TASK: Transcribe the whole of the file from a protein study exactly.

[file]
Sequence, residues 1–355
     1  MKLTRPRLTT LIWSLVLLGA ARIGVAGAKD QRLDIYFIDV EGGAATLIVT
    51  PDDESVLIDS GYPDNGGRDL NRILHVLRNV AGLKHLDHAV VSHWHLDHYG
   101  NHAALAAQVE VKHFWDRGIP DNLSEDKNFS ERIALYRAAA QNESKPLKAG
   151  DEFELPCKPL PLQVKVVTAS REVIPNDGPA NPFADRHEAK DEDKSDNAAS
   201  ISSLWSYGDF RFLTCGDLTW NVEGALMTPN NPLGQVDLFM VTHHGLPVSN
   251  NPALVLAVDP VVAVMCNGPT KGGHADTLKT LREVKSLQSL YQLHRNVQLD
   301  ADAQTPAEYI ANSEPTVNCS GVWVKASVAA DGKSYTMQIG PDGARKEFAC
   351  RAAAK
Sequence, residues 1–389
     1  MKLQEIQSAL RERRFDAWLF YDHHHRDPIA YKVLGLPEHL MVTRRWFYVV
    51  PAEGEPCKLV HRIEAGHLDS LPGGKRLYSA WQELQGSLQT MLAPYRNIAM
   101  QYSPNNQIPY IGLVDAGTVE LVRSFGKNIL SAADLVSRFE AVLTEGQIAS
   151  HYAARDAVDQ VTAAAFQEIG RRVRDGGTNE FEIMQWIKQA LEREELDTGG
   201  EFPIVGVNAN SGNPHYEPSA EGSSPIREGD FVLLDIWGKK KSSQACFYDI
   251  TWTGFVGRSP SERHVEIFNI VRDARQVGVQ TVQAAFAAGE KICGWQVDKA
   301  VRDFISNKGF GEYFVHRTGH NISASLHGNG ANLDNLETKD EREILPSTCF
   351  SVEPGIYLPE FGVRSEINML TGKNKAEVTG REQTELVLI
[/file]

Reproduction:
Sequence, residues 1–355
     1  MKLTRPRLTT LIWSLVLLGA ARIGVAGAKD QRLDIYFIDV EGGAATLIVT
    51  PDDESVLIDS GYPDNGGRDL NRILHVLRNV AGLKHLDHAV VSHWHLDHYG
   101  NHAALAAQVE VKHFWDRGIP DNLSEDKNFS ERIALYRAAA QNESKPLKAG
   151  DEFELPCKPL PLQVKVVTAS REVIPNDGPA NPFADRHEAK DEDKSDNAAS
   201  ISSLWSYGDF RFLTCGDLTW NVEGALMTPN NPLGQVDLFM VTHHGLPVSN
   251  NPALVLAVDP VVAVMCNGPT KGGHADTLKT LREVKSLQSL YQLHRNVQLD
   301  ADAQTPAEYI ANSEPTVNCS GVWVKASVAA DGKSYTMQIG PDGARKEFAC
   351  RAAAK
Sequence, residues 1–389
     1  MKLQEIQSAL RERRFDAWLF YDHHHRDPIA YKVLGLPEHL MVTRRWFYVV
    51  PAEGEPCKLV HRIEAGHLDS LPGGKRLYSA WQELQGSLQT MLAPYRNIAM
   101  QYSPNNQIPY IGLVDAGTVE LVRSFGKNIL SAADLVSRFE AVLTEGQIAS
   151  HYAARDAVDQ VTAAAFQEIG RRVRDGGTNE FEIMQWIKQA LEREELDTGG
   201  EFPIVGVNAN SGNPHYEPSA EGSSPIREGD FVLLDIWGKK KSSQACFYDI
   251  TWTGFVGRSP SERHVEIFNI VRDARQVGVQ TVQAAFAAGE KICGWQVDKA
   301  VRDFISNKGF GEYFVHRTGH NISASLHGNG ANLDNLETKD EREILPSTCF
   351  SVEPGIYLPE FGVRSEINML TGKNKAEVTG REQTELVLI